You see, this is the trouble when discussing Detroit: It takes no time at all for someone to show how truly ignorant they are with regard to Mayor Young.

        The Poletown thing is completely different from the construction of freeways. GM moved production of transmissions from Detroit to Livonia. Young could have legally blocked GM from getting the tax incentives they were getting from the state for the Livonia plant, but figured Livonia was better than all the jobs going out of state. He also got GM to promise Detroit would get first dibs on their next plant.

        One of the rejected sites for the transmission plant was the closing Dodge Main in Hamtramck. Dodge Main was 144 acres. When GM came to Detroit about their new plant proposal they wanted 500 acres in a perfect square mile (basically a way of setting Detroit up to fail in the bid for the plant.) GM rejected every one of the sites proposed including where the plant went. Young & the city put a lot into getting GM to make changes to their cookie-cutter factory design to make it work at the Poletown site. The plants it replaced (Clark Street & Fleetwood) employed 10,000. Poletown 2,000-3,000. It’s a 75% loss in jobs, but if the plant had gone elsewhere that would be a 100% loss. Detroit needed to save as many jobs as it could.

        As for the people that lived there, the initial offer of $15,000 over market value was taken immediately by ~3,900 of the ~4,200 homeowners. The reports on the condition of the neighborhood varies depending on who writes the story, as it is “vibrant” in anything anti-Young/Detroit & “run down” according to the city.

        I seem to recall a quote by Young that displacing the Poletown residents was one of his largest regrets, but cannot locate it. I have never come across any quotes from him that represent any sort of “obvious glee.” (Can you share your source for this information?)

        The Poletown situation was one where a giant corporation had a desperate city right where it wanted it. Detroit had to bend over backwards (then do a pirouette) just to save some jobs. Was it worth it? That’s debatable. Though without it we’d likely just have a few thousand lots that look much like others nearby, some with homes, some without. Dodge Main may have been another Packard Plant site and who knows if the Chrysler plant would have been expanded to build the Grand Cherokee (the issues with Poletown were largely avoided.) I guess the city does learn from its mistakes occasionally!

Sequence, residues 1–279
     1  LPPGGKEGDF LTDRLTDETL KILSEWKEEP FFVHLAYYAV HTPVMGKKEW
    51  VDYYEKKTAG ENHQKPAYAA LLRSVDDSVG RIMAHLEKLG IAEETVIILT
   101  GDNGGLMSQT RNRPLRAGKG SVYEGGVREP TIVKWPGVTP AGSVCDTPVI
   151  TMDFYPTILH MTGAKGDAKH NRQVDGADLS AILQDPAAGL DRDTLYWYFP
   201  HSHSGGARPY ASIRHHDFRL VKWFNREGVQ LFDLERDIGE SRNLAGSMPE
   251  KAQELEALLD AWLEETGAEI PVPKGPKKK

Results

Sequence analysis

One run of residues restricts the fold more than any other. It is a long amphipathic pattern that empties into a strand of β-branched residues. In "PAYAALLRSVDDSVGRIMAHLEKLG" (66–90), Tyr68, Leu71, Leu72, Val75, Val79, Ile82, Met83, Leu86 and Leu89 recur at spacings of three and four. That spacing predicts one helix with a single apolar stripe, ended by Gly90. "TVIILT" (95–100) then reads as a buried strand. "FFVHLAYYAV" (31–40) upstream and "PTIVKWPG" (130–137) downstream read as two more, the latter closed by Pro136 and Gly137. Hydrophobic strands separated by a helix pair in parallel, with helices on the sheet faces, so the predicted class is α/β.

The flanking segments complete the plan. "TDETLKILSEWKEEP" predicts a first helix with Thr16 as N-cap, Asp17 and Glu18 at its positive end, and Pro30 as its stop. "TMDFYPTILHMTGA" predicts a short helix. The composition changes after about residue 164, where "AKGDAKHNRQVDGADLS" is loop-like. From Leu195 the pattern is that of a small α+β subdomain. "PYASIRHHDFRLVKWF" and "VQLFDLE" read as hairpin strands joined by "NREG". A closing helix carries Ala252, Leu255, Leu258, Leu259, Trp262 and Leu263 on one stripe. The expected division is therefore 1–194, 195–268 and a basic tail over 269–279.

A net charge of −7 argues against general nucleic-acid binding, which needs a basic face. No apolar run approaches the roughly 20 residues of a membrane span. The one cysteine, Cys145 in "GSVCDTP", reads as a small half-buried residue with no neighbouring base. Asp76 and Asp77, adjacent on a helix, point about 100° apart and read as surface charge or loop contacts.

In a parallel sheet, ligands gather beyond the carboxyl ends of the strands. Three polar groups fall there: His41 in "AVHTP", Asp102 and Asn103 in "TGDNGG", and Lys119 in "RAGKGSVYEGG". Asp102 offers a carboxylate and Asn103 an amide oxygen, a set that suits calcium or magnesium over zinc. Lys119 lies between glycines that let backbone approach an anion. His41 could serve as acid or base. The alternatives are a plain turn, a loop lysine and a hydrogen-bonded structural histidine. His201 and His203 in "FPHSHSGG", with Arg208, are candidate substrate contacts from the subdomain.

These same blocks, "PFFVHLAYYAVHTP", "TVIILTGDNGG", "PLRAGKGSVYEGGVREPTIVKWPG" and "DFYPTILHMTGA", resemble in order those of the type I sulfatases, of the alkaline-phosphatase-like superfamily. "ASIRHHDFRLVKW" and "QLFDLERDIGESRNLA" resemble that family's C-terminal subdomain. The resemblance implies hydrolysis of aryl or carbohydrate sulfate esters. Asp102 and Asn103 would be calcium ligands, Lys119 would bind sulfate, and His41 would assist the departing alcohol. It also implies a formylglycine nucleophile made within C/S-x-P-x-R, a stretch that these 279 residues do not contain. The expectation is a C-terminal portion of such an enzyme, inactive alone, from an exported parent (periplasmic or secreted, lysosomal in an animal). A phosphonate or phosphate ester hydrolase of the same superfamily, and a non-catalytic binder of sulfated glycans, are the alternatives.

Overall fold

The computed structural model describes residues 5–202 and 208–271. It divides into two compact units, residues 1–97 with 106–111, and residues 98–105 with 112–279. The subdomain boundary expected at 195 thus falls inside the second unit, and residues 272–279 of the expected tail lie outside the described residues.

• shavers313
  • Aaron Schwartz

    Harmonie Park is not bounded by Adams, Brush, Alexandrine and I-75.

    • Micheal Valentino

      Harmonie Park is NOT Paradise Valley.

      • Aaron Schwartz

        I understand that. However this article says that they wish to redevelop Paradise Valley in the former Harmonie Park, bounded by Adamd, Brush, Alexandrine, and I75. That may be the old Paradise Valley boundaries, but not the new PV area.

  • Ilene Marsch

    Hastings used to have some of the best bars. In fact there’s a blues song written about it. IMO the “thinkers” did a great disservice to Detroit by tearing apart that community. There were a lot of established black businesses, and a thriving neighborhood.

    • Jonathan Brown

      John Lee Hooker wrote and released boom boom at the apex Lounge on Oakland which is the only remaining bar still open today

      • Antman573

        A little bit more vanilla? How’s the surrounding area looking these days with chocolate?